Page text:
Federal law requires that a buyer be given ten days to obtain a lead paint inspection of any home built prior to 1978 � the year in which lead paint was no longer allowed to be a component of paint. The government-produced pamphlets and brochures about lead paint can be very frightening, particularly to the parents or potential parents of young children; parents who were themselves born after lead was outlawed and may be consciously hearing about the hazard for the first time while sitting with checkbooks clutched in already sweaty hands.
Read the pamphlets, order an inspection � the few hundred extra bucks it will add to your home buying costs are well worth it � and then, if lead paint is present, decide where to go from there. Lead can be removed and its presence is not the end of the world. Lead was actually in declining use for many years prior to its ban in 1978, and many, many older homes are, upon inspection, found to be lead free.
Now, we are finally to the actual offer forms, a modest bunch of papers compared to what you have already waded through.
Of course, if you have only thought about the dollar amount of your offer you will be ill prepared. Before you sit down with the agent to compose an offer you need to think about other components. And, of course, there is a form to accompany each of these decisions.
- When do you want to close on the sale? It used to take a lot of time � 60 to 90 days � to put a sale together. Mortgages needed to be approved, inspections done, and titles searched. Automation being what it is, it is possible, if your mortgage originator is on her toes and all other parties are organized, to close a house sale in as little as two weeks. You may not want to move that fast nor may the seller. Think about what will work for you and be prepared to be flexible.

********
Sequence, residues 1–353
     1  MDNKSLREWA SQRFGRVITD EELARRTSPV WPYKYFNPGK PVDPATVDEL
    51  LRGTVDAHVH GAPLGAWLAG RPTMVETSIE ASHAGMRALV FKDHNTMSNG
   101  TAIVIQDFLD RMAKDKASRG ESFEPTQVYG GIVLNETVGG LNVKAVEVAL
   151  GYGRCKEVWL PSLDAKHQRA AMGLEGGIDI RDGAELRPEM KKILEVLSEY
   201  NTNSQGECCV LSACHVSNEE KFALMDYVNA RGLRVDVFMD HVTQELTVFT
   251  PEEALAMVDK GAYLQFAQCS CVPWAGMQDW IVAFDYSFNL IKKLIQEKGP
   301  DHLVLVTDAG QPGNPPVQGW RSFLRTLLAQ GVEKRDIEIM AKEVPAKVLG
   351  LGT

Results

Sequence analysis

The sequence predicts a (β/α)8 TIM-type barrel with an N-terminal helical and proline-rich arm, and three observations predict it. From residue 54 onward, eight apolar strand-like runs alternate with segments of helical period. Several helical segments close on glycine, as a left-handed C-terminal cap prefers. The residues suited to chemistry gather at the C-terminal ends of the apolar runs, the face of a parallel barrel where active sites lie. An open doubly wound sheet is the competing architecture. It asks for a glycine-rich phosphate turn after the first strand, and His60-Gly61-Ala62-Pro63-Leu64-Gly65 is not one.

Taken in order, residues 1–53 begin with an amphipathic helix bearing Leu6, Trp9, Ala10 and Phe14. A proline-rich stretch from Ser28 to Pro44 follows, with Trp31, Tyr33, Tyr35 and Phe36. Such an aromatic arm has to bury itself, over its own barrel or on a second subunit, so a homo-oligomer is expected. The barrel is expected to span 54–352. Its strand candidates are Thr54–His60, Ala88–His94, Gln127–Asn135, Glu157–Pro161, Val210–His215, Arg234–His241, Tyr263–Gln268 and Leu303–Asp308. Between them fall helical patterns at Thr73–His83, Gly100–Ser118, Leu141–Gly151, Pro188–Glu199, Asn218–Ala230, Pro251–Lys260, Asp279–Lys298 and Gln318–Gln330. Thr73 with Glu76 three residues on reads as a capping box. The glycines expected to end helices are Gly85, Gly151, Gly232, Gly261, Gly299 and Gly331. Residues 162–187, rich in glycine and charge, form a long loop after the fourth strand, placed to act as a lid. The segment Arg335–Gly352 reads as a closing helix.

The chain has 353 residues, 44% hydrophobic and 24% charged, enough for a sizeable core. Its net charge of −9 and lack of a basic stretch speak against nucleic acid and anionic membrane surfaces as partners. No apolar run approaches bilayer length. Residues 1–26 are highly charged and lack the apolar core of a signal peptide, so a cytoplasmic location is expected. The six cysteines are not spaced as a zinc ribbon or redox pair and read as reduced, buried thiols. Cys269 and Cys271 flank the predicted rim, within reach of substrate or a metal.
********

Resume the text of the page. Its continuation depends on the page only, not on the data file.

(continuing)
- How much can you escrow to bind the contract?
In many states a buyer can bind a contract until closing for very little money. In others a significant amount (perhaps 10%) is required upon signing the Purchase and Sale Agreement. Make sure, if funds are coming from a 401K or other semi-liquid source, that you will be able to access the funds in time to meet your commitment.
- What contingencies do you want to invoke?
Most offer forms make allowances for mortgage approval and inspections (lead, radon, structural, pest, hazardous materials.) In some areas a water quality inspection or a septic tank performance test might be a good idea. Some buyers still seek to make the sale of an existing home a contingency. If the purchase is a condo, a smart buyer will invoke contingencies that allow him to inspect the home owners� association�s budget, balance sheet, bylaws, and recent meeting minutes.
Mortgage contingencies are becoming less and less acceptable to sellers as it is now expected that buyers will come to the table with a mortgage approval in hand, and in most areas where homes sales are brisk, offers contingent upon the sale of an existing home are an absolute non-starters.
No one should discourage a buyer from inspecting every inch of a potential purchase. Just remember that each of these tests will cost money, and again, in a competitive situation, may make an offer less desirable to the seller.
It will probably be an anti-climax!